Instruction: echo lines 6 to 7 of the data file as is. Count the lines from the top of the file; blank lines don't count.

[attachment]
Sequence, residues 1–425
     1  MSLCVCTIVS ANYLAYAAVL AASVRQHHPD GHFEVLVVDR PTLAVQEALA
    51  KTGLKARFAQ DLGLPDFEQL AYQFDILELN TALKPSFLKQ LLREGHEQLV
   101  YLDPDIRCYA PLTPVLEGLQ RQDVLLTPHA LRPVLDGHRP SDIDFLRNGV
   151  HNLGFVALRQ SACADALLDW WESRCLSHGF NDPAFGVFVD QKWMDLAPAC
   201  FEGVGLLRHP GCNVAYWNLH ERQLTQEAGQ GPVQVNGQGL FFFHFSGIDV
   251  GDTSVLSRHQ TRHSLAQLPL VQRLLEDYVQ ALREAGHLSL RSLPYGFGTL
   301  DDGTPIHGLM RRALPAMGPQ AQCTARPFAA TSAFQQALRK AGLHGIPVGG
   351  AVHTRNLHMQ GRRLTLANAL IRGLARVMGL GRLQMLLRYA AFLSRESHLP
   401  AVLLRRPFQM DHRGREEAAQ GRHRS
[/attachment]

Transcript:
   201  FEGVGLLRHP GCNVAYWNLH ERQLTQEAGQ GPVQVNGQGL FFFHFSGIDV
   251  GDTSVLSRHQ TRHSLAQLPL VQRLLEDYVQ ALREAGHLSL RSLPYGFGTL